Adam Kinzinger cites Eric Holder as a paragon of independence; Signed the “No Trust” resolution in 2011


Rep. Adam Kinzinger (R-IL) on Thursday cited former attorney general Eric Holder as an example of integrity during the Committee’s fifth public hearing on Jan. 6, but he signed a resolution of “no confidence” in Holder in 2011 for his bias.

Holder, who described himself as President Barack Obama’s “wingman”, presided over Operation Fast and Furious, a botched scheme to smuggle guns to Mexican cartels and track their movements, in an effort to to suppress arms sales. These weapons were later used in numerous crimes, including the murder of US Border Patrol agent Brian Terry. Holder refused to cooperate with a congressional panel investigating Operation Fast and Furious, leading the House to despise him.

The Justice Department, which is currently suing two former Trump aides for refusing to cooperate with the Jan. 6 Committee, declined to prosecute Holder. So Kinzinger and other Republicans signed a “no confidence” motion in 2011.

The motion said, in part:

Whereas, due to Attorney General Holder’s inability to properly control, monitor, or establish Operation Fast and Furious, it is likely that Mexican nationals were killed or injured by weapons sold under this scheme;

Whereas the carnage resulting from Operation Fast and Furious is not limited to Mexico;

While the evidence further suggests that such weapons have been used in the United States and may be involved in
the death of Border Patrol Agent Brian Terry;

Whereas, in response to congressional requests, the Administration, through Attorney General Holder’s office, initially provided false information to Congress;

Whereas, in response to alcohol, tobacco, and firearms whistleblowers who have come to Congress, the administration, through Attorney General Holder’s office, has retaliated against those whistleblowers; and

Whereas, in response to congressional demands, the administration, through Attorney General Holder’s office, has redacted key information and been intransigent, obstructionist, and stubborn: Now, therefore, let it be

Resolved, That it is the sentiment of the House of Representatives that Congress has lost confidence in the Attorney General of the United States.

On Thursday, Kinzinger cited Holder as an example of political independence, playing a video clip of Holder during his confirmation hearing in 2009, telling Congress he would resign rather than do anything to compromise political independence. of the Ministry of Justice.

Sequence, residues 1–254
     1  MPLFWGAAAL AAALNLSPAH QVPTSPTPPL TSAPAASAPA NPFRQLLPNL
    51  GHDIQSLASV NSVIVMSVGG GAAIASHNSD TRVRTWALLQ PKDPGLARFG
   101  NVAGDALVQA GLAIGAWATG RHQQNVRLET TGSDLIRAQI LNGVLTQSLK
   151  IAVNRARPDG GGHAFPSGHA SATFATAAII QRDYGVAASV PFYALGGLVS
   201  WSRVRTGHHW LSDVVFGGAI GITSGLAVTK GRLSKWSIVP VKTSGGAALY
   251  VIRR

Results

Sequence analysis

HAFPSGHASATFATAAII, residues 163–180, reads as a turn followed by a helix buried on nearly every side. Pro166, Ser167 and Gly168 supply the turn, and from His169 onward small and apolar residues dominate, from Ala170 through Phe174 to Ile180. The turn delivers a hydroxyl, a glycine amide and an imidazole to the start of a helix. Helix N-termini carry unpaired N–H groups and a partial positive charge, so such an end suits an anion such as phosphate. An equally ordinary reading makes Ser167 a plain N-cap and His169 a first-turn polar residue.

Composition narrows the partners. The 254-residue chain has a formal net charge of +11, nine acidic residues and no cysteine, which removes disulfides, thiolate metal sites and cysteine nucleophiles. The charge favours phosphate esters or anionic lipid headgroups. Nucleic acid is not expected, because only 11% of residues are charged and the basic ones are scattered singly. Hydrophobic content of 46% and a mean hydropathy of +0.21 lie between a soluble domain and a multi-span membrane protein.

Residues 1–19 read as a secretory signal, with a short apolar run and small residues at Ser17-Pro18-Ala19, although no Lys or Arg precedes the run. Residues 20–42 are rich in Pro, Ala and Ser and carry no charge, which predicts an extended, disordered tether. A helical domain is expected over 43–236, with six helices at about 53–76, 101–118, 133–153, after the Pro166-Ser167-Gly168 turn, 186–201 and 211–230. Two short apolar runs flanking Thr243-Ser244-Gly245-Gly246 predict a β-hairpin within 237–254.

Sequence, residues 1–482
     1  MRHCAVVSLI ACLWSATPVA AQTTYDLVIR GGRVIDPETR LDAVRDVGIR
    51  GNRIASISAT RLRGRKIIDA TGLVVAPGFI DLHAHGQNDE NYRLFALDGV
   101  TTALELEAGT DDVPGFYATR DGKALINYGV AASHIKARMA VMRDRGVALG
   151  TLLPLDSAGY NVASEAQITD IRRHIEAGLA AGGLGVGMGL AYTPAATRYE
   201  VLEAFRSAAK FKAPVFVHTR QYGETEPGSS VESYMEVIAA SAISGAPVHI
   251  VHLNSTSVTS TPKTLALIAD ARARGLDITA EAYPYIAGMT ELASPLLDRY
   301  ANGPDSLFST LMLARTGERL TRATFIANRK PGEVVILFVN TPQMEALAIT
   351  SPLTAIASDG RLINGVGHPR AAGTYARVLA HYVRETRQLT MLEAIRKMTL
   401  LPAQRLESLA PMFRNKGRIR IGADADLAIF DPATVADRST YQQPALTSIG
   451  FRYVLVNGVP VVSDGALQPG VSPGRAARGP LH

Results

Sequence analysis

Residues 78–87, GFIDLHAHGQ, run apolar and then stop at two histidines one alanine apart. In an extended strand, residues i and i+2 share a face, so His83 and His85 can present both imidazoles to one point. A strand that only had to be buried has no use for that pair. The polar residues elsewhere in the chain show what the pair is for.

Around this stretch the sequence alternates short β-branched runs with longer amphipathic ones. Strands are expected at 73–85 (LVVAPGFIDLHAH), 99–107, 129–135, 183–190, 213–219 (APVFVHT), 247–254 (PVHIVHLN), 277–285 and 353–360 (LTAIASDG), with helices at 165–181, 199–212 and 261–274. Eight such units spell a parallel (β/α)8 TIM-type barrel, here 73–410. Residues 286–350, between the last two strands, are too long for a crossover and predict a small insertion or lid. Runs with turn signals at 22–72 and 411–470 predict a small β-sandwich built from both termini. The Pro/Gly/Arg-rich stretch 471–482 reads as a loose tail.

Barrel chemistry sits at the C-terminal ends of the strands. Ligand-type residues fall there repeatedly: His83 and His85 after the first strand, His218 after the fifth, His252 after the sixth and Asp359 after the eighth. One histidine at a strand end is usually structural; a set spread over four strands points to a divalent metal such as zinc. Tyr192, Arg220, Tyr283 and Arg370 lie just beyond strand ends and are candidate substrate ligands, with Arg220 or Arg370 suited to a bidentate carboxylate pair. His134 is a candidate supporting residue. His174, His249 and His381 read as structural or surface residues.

I will be an independent attorney general,” Holder said. “I will be the people’s advocate. If, however, there were an issue that I felt was so significant that it would compromise my ability to serve as Attorney General in the manner in which I have described it, as the people’s advocate, I would not hesitate to resign.

The video clip also showed former Attorney General Loretta Lynch, who infamously met former President Bill Clinton on the tarmac of an airport in Arizona while Hillary Clinton was under investigation for mismanagement of confidential emails.

After the video clip of Holder and other former attorneys general aired, Kinzinger said, without irony, “Everyone in that video, from Eric Holder to Jeff Sessions, spoke as part of the department. It is a pride for justice to apply the law without the political interest of the president tainting his actions and dictating the way in which he uses his powers.

Kinzinger was elected in the 2010 Tea Party wave as a conservative champion, before shifting to the left and becoming an opponent of President Donald Trump and a cable news darling. He is retiring after Democrats remove him from his district.

Joel B. Pollak is editor of Breitbart News and host of Breitbart News Sunday on Sirius XM Patriot Sunday nights from 7-10 p.m. ET (4-7 p.m. PT). He is the author of the recent e-book Neither Free Nor Fair: The 2020 U.S. Presidential Election. His latest book, RED NOVEMBER, tells the story of the 2020 Democratic presidential primary from a conservative perspective. He is the winner of the 2018 Robert Novak Journalism Alumni Fellowship. Follow him on Twitter at @joelpollak.




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